Italy’s dynamic young prime minister hit the ground running when he came to power last year, promising to shake up government, business and society. But his reforms may be losing steam as voters, especially on the left, start to desert him.
Handelsblatt Global, June 26, 2015
In Italy, he is known as “The Scrapper,” or “Il Rottamatore.”
Matteo Renzi has sworn to shake up Italy’s stagnant economy and sclerotic political system and drag the country out of what he calls “the swamp.”
Italy’s dynamic young prime minister, who came to power in February 2014, has been determined to challenge the country’s vested interests.
After coming to power via a coup in his center-left Democratic Party, he pledged to push through an ambitious list of reforms, tackling everything from education and justice, to the electoral system and the labor market.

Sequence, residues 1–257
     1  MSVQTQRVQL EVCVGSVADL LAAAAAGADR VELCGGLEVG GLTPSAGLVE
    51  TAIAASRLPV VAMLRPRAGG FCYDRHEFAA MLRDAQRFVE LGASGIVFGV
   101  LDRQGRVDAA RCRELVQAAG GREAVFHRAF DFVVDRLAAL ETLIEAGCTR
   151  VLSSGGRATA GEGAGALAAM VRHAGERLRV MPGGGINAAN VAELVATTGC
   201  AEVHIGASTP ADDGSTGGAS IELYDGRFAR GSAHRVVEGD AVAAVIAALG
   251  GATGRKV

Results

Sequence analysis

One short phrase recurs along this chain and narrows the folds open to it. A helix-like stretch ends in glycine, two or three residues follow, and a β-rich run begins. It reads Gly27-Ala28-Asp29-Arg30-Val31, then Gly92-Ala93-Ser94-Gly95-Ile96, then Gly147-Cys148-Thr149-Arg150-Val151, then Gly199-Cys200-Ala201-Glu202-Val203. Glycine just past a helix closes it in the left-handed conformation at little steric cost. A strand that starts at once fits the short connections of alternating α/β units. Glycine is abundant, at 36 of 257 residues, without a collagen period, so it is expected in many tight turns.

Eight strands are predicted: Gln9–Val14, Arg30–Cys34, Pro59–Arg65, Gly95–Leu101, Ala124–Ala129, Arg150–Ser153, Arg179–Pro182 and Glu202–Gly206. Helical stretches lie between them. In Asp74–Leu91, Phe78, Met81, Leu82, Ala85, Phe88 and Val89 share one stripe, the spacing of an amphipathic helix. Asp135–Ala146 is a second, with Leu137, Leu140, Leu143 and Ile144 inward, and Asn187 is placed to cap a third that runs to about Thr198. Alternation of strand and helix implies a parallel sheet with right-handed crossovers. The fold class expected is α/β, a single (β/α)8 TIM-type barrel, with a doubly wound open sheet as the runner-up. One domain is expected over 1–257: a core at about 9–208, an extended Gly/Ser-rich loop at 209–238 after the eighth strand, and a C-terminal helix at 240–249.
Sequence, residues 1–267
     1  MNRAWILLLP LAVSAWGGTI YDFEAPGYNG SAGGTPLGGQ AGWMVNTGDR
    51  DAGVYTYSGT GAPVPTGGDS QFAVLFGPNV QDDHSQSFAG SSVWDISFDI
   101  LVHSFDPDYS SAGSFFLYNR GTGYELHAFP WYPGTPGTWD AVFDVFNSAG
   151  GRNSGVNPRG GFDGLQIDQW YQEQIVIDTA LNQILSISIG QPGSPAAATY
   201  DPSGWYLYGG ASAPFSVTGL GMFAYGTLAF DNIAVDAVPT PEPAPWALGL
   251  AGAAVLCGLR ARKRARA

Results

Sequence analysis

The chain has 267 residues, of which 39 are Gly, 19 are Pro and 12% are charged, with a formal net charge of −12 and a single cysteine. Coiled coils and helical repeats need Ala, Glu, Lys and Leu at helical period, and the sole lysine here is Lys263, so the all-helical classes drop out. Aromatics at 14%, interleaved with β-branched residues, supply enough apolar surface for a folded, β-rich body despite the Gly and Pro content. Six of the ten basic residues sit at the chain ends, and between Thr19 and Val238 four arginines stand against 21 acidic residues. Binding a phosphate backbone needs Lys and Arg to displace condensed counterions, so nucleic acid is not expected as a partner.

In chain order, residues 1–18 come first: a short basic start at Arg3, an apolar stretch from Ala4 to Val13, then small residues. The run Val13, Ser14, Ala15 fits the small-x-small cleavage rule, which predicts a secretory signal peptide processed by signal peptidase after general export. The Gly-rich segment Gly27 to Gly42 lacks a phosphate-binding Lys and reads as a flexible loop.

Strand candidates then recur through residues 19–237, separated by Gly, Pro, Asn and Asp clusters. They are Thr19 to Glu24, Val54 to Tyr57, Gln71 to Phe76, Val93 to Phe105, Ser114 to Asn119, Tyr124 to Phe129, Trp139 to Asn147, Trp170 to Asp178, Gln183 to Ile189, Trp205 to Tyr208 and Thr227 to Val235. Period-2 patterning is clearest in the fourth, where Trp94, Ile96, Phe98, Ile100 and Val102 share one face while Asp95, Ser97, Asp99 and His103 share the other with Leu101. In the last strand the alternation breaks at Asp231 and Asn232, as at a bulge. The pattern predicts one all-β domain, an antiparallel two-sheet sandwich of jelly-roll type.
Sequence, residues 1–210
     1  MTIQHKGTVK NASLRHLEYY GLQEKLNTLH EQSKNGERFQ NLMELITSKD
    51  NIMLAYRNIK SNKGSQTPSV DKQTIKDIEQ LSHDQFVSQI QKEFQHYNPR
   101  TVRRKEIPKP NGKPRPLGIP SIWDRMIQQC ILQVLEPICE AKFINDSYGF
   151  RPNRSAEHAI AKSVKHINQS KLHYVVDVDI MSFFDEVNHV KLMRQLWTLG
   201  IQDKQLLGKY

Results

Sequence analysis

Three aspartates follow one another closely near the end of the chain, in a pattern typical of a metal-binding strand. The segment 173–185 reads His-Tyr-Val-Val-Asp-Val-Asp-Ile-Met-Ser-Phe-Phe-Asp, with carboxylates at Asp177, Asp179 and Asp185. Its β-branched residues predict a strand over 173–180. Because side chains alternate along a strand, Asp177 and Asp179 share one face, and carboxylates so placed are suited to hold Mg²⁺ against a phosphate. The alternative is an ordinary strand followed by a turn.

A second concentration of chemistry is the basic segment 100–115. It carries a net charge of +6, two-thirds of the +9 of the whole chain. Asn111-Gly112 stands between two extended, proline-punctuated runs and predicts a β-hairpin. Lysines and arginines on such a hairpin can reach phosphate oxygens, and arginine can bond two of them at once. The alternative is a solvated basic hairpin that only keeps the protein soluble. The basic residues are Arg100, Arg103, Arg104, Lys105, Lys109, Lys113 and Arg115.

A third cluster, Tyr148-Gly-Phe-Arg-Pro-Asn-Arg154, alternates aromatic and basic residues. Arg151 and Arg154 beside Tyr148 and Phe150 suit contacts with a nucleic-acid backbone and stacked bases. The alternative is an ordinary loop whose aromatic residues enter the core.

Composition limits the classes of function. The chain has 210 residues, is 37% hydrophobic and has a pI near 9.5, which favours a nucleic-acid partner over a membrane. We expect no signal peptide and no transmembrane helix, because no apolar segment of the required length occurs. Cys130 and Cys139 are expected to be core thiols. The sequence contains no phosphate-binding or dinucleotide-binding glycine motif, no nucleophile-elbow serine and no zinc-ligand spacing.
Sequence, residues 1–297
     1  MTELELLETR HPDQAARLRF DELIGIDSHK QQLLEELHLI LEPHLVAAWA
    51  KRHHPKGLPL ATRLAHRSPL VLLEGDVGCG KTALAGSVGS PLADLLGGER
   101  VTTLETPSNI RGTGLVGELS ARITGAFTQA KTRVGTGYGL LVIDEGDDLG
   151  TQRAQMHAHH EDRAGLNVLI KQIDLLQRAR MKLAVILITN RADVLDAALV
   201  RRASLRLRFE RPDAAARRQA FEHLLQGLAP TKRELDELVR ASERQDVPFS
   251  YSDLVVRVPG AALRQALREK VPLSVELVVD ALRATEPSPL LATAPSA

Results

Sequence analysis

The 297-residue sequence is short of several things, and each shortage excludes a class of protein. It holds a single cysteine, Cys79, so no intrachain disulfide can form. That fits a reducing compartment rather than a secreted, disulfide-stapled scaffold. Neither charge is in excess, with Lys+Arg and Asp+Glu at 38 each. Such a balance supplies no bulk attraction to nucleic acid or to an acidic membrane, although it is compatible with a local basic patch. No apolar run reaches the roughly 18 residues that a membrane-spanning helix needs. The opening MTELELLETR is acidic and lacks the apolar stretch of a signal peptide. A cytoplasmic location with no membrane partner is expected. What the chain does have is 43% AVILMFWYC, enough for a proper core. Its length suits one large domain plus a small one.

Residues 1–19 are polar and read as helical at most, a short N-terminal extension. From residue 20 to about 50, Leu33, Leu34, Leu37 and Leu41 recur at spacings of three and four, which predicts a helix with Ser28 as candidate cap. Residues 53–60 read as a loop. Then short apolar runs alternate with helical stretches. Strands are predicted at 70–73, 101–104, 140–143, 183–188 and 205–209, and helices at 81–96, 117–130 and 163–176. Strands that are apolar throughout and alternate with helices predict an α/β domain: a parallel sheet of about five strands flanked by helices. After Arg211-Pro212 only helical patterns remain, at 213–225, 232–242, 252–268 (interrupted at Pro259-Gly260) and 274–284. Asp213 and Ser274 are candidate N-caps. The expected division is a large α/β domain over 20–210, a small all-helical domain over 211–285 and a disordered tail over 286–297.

He was nothing if not confident. “My ambition,” he said last year, “is not to do better than Greece but to do better than Germany.”
Yet, after a strong start, the 40-year-old former mayor of Florence has run into difficulties, with rising unrest from the left of his party and trade unions, and waning popularity among voters, as evidenced in the disappointing performance in local and regional elections.
For many observers, it is crucial that Mr. Renzi succeed in Italy, the third-largest economy in the euro zone.
Beset by a decade of stagnation and exiting three years of recession, its government debt is the second highest in the euro zone after Greece, at almost 135 percent of GDP, unemployment is just below 13 percent and youth unemployment is over 40 percent.
A combination of external forces and his initial reforms, however, seem to be giving the economy a small but significant boost.
Growth in the first quarter was 0.3 percent and the IMF forecasts growth of 0.7 percent this year and 1.2 percent in 2016. While far from spectacular, it’s welcome news for an economy mired in stagnation for years.
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